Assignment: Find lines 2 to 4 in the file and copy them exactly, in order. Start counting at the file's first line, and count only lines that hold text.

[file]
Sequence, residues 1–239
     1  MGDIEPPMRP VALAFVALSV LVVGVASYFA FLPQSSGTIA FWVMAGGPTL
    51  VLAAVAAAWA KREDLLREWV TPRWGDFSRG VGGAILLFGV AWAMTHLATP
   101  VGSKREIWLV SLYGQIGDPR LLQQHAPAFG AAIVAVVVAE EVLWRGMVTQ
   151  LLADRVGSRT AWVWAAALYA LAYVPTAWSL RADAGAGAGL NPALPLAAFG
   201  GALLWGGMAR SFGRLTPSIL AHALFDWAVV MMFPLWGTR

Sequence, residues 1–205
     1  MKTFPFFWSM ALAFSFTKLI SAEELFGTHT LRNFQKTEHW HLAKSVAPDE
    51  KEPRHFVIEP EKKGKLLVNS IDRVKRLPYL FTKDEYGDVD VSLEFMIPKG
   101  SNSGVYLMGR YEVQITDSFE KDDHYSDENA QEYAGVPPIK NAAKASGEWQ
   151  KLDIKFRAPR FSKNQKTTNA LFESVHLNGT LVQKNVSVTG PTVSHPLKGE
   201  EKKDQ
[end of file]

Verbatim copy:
     1  MGDIEPPMRP VALAFVALSV LVVGVASYFA FLPQSSGTIA FWVMAGGPTL
    51  VLAAVAAAWA KREDLLREWV TPRWGDFSRG VGGAILLFGV AWAMTHLATP
   101  VGSKREIWLV SLYGQIGDPR LLQQHAPAFG AAIVAVVVAE EVLWRGMVTQ